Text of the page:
Planetarium & Orrery



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Celestial globe
A sphere on which the stars, constellations, and various astronomical circles are drawn. Celestial globes probably predate terrestrial globes. They are usually mounted in harnesses that allow them to rotate and be tilted to different latitudes.
A geocentric model of the solar system that shows the positions of the sun, moon, and planets as viewed from the earth at various times. The positions of the heavenly bodies may be indicated by individual dials, as with the Antikythera mechanism, or through the relative positions of small spheres representing the bodies, as with Archimedes' planetarium. Modern planetaria project images of the heavenly bodies onto a large hemisphere in whose interior observers are situated.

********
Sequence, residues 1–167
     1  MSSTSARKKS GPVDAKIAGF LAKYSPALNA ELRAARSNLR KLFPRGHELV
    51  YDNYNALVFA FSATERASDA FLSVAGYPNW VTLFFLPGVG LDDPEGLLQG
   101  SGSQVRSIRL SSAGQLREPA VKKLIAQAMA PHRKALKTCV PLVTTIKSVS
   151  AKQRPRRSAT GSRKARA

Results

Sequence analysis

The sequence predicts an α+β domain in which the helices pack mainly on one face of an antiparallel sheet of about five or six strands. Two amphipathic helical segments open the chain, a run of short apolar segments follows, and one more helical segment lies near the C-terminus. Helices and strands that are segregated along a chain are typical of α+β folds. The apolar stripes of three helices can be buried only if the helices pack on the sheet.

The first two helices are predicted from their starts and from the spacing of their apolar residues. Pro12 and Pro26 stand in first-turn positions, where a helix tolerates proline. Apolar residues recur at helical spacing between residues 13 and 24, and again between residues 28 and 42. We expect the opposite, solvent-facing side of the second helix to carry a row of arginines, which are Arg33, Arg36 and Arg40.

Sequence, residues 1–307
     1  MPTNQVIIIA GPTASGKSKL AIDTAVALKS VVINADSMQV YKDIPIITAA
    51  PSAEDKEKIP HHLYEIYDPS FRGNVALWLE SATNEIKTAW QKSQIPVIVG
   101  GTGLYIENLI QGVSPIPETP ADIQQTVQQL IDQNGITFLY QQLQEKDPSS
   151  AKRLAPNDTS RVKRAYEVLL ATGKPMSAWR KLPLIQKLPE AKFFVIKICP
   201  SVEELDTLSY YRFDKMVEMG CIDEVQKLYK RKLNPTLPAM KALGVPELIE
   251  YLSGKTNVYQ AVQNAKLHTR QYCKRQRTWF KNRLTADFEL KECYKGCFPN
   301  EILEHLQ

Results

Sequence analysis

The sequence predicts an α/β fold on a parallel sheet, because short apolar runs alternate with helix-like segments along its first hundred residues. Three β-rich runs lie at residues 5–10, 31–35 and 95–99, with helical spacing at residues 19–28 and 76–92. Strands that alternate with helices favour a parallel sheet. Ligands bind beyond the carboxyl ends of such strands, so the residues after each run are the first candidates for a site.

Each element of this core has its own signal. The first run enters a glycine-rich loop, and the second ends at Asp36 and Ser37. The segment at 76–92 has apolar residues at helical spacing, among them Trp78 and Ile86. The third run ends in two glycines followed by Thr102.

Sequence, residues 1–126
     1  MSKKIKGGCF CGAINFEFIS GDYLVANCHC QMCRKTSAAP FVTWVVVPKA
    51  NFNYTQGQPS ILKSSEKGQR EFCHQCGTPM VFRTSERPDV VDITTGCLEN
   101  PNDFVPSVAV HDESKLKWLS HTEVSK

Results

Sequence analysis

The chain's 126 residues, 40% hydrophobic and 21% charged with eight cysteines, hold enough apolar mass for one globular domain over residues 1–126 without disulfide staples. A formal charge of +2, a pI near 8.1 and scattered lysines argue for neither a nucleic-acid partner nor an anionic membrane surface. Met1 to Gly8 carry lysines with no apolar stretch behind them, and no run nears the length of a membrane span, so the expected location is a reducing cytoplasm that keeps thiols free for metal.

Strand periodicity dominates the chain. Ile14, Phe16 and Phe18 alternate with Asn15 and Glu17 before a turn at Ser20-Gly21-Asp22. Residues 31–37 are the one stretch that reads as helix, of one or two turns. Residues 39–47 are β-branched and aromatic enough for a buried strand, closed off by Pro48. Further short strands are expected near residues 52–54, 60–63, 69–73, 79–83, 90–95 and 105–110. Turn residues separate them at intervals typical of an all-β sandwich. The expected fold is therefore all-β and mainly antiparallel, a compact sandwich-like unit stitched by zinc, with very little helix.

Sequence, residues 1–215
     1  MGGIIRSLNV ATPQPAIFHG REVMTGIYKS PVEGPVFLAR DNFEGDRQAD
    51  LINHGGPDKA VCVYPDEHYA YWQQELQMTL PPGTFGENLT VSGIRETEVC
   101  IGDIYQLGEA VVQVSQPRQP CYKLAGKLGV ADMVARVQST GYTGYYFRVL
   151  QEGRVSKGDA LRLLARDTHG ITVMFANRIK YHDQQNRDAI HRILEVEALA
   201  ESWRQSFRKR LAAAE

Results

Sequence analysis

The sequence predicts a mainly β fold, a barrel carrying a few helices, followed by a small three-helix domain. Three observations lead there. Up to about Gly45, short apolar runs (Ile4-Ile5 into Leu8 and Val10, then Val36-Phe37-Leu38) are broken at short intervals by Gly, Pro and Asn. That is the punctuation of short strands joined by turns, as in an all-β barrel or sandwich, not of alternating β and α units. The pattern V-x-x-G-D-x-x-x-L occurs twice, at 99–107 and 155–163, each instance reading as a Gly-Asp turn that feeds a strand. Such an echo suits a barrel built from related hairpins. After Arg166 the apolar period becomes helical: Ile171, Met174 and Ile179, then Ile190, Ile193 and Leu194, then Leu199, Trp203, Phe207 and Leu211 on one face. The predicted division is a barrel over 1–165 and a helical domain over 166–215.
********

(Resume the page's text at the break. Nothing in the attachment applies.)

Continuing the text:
A heliocentric model of the solar system in which the planets move about a stationary sun through a clockwork mechanism. Complicated ones can also show the motions of the moons around the various planets and the motion of the rings of Saturn. Named in honor of Charles Boyle, the fourth earl of Orrery, who purchased one of the first such devices built by John Rowley in the early eighteenth century.
Armillary sphere
A skeletal sphere formed from circular bands that denote the celestial equator, ecliptic, tropics, and arctic and antarctic circles. Usually a ball representing the earth is placed in its center. It is used to demonstrate the motion of the stars about the earth.

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